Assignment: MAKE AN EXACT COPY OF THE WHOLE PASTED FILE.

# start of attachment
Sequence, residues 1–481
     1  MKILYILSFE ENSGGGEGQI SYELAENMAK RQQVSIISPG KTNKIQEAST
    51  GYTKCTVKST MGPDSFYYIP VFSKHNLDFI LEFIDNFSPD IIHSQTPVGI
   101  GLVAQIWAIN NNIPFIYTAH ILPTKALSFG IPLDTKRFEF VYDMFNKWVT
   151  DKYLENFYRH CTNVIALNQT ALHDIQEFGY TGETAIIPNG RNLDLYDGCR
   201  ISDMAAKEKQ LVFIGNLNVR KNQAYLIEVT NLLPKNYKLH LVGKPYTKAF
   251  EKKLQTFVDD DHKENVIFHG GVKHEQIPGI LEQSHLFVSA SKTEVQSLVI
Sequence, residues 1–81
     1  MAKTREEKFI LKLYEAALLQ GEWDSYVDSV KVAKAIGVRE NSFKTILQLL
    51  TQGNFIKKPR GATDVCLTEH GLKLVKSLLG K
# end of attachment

Sequence, residues 1–481
     1  MKILYILSFE ENSGGGEGQI SYELAENMAK RQQVSIISPG KTNKIQEAST
    51  GYTKCTVKST MGPDSFYYIP VFSKHNLDFI LEFIDNFSPD IIHSQTPVGI
   101  GLVAQIWAIN NNIPFIYTAH ILPTKALSFG IPLDTKRFEF VYDMFNKWVT
   151  DKYLENFYRH CTNVIALNQT ALHDIQEFGY TGETAIIPNG RNLDLYDGCR
   201  ISDMAAKEKQ LVFIGNLNVR KNQAYLIEVT NLLPKNYKLH LVGKPYTKAF
   251  EKKLQTFVDD DHKENVIFHG GVKHEQIPGI LEQSHLFVSA SKTEVQSLVI
Sequence, residues 1–81
     1  MAKTREEKFI LKLYEAALLQ GEWDSYVDSV KVAKAIGVRE NSFKTILQLL
    51  TQGNFIKKPR GATDVCLTEH GLKLVKSLLG K